Are you ready to learn the five words that can forever alter your success in the real estate business?

Are you ready to learn the five words that can forever alter your success in the real estate business? The phrase, “Let’s make a list now” may be the most important strategy for both listing success as well as the key to helping you be more effective in every aspect of your real estate career.

Since the early 1990s, I’ve trained thousands of agents to open their listing presentations with the following phrase. “I would like to make a list now of all the things that you have enjoyed about living in this property.” As you listen, take notes on the sellers’ responses. When the seller pauses, ask, “What else can I add to my list now of all the things that you have enjoyed about living in your property?” If the sellers have trouble coming up with more than a few items, ask them about upgrades that they may have made, especially if some of those upgrades are not apparent when walking through the property. You can also ask about the neighborhood or other items that may assist you with marketing and advertising. Writing down what the seller says sends a nonverbal message that what they have to say is extremely important. This forms a solid foundation for a lasting relationship. When sellers and buyers feel you have truly heard what matters to them, you build connection. This is the basis for a successful, sustainable business.

While these five words — “Let’s make a list now” — are important on listing presentations, they are even more important when it comes to how you judge the success or failure of your real estate career. If you judge your real estate success by the number of closed transactions or by how much money you make, you have set yourself up to lose on a regular basis. For example, if you closed 100 transactions in the last 12 months and worked 250 days, you “failed” on 150 days. Shifting how you evaluate your success can help you reap huge rewards for years to come.

When someone is confronting burnout or is coping with grief, psychologists recommend making a list of activities that you can check off. Burnout often results from being overwhelmed with a tremendous amount of work. Quite frankly, most of us could fill a 24-hour day with real estate activities with little or no effort. The challenge in this case is that there is always something else to do. As a result, we often suffer from fatigue. We complain that we don’t have enough time and constantly fight stress. More importantly, we never feel a sense of completion. The trap here is that we are measuring success not by our daily activities, but by how often we cash a check. This is akin to taking a driving vacation across the country and only being concerned about getting to your destination. The real value of the trip is in what you encounter along the way. Shifting to focusing on what you need to do each day to complete the next leg of your journey can create profound differences in your level of success.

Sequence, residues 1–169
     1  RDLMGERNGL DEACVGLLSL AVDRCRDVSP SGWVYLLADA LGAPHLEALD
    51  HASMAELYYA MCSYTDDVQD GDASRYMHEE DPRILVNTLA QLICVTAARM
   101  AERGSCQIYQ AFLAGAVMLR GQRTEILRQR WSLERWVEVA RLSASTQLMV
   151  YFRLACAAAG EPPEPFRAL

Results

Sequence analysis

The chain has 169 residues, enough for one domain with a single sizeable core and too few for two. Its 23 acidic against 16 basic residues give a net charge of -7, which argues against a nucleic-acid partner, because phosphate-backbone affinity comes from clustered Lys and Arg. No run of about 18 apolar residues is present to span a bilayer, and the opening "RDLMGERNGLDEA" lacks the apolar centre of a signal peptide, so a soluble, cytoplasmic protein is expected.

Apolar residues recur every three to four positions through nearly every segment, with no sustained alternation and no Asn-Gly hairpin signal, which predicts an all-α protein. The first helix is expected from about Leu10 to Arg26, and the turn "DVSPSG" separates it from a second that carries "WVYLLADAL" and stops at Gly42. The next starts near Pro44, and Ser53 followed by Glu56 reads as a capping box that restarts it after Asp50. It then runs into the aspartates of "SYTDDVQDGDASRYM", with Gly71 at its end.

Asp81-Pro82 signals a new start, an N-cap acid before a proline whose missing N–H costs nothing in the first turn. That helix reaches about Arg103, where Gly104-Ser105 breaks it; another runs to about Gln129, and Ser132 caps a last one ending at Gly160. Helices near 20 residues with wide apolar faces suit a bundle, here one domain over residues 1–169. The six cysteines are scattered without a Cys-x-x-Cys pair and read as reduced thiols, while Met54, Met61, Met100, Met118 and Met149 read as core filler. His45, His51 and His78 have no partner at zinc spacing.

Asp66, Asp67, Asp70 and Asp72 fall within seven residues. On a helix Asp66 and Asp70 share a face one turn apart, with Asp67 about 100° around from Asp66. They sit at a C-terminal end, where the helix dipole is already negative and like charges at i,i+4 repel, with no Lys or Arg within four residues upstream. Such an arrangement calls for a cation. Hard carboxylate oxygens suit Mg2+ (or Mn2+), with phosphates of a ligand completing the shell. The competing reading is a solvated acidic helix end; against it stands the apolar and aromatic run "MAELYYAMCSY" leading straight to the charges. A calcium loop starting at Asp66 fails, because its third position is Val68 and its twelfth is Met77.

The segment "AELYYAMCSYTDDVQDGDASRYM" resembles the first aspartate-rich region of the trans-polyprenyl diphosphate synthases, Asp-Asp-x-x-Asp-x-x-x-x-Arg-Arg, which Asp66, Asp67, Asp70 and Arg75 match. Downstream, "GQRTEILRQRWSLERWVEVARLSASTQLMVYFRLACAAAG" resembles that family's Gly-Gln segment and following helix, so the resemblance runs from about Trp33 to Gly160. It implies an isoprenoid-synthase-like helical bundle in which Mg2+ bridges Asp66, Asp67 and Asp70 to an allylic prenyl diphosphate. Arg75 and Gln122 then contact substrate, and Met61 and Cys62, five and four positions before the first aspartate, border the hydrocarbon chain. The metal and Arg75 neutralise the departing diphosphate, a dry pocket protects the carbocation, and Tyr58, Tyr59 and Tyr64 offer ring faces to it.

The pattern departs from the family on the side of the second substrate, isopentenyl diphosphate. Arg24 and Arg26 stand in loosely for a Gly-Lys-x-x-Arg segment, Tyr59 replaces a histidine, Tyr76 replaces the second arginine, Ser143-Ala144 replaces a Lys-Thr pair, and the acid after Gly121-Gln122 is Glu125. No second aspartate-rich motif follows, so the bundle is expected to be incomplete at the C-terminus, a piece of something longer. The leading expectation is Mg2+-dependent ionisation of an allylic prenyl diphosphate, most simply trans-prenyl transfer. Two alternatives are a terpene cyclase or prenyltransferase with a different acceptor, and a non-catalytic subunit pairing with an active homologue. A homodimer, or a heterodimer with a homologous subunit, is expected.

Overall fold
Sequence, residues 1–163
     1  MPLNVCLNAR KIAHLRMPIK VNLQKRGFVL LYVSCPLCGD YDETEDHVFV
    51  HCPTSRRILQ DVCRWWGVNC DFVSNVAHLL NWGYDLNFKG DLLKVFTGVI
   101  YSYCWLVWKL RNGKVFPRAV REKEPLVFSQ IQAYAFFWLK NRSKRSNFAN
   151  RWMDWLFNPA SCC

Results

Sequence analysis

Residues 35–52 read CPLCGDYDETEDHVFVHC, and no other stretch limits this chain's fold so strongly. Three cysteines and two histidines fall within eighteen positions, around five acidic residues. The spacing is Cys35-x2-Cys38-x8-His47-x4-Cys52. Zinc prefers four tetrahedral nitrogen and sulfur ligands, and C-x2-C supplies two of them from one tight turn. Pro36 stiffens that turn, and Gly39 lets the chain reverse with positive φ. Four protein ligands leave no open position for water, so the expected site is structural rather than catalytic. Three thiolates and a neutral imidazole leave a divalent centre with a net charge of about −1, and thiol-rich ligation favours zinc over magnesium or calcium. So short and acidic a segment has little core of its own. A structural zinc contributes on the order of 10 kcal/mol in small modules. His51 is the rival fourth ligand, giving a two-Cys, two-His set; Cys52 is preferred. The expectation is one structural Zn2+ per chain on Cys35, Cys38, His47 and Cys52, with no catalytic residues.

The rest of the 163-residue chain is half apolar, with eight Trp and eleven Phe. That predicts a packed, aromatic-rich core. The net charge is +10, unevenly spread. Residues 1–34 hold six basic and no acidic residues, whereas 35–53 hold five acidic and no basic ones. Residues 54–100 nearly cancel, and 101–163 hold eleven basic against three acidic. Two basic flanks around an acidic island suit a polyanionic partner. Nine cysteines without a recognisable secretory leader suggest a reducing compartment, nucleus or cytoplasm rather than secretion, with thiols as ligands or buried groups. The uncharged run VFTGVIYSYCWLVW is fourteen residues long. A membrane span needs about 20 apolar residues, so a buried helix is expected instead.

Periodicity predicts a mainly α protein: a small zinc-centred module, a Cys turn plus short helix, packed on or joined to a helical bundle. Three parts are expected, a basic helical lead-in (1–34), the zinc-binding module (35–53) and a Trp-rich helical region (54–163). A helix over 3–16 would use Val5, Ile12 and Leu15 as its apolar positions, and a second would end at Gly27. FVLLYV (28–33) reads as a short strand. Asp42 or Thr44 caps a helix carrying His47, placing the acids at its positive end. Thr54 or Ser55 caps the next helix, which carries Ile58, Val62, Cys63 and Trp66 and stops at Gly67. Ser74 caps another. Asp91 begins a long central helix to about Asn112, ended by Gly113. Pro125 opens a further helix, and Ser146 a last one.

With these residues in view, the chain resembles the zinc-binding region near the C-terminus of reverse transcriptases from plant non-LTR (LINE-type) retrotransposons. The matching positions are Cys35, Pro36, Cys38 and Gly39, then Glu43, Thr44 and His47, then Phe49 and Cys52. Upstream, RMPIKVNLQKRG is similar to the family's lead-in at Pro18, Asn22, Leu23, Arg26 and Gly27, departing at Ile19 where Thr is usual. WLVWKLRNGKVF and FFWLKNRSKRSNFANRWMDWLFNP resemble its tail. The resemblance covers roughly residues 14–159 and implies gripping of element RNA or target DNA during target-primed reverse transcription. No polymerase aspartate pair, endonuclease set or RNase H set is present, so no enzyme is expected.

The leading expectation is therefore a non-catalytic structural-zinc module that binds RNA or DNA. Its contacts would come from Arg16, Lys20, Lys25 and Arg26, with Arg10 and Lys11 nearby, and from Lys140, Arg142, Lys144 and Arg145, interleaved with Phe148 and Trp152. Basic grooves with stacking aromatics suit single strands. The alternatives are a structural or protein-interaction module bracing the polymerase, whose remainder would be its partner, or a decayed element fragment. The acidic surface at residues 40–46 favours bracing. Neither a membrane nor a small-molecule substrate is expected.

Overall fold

Many trainers suggest making a list of key activities or focusing on your “big rocks.” This approach requires you to outline the key activities that you must complete each day. Check off or draw a line through each activity as you complete it. This gives you a sense of how much you have accomplished. It also helps you to avoid becoming overwhelmed since you have identified what you need to do each day. Once you have completed the key activities for the day, you can go home or do something fun rather than continuing to grind at other less important activities on your to-do list. The one thing you should do before you head home, however, is to make your activity list for the following day. Once you finish writing out the items, prioritize them by what is most important. Brian Tracy in his book “Eat That Frog!” suggests that you take the biggest, ugliest “frog” from your activity list and put it at the top of what you will accomplish tomorrow. Always “eat that frog” (complete that activity) first. Again, when you complete all the activities on the list, you are done for the day. If something comes up that keeps you from completing those activities, move them to the top of the list for tomorrow.

Consequently, the most profound shift that you need to make in your business is “to make a list now” of the core activities that you must complete each day to keep your real estate career on course. Rather than focusing on the by-products of your business (i.e. transactions closed or commissions earned), focusing on activities completed on a daily basis lets you win every day. Transactions closed or commissions earned are only a partial snapshot of your success. Instead, it’s the daily activities that you complete that determine whether your real estate career will be a long-term success or failure.

Bernice Ross, co-owner of, has written a new book, “Waging War on Real Estate’s Discounters,” available online. She can be reached at

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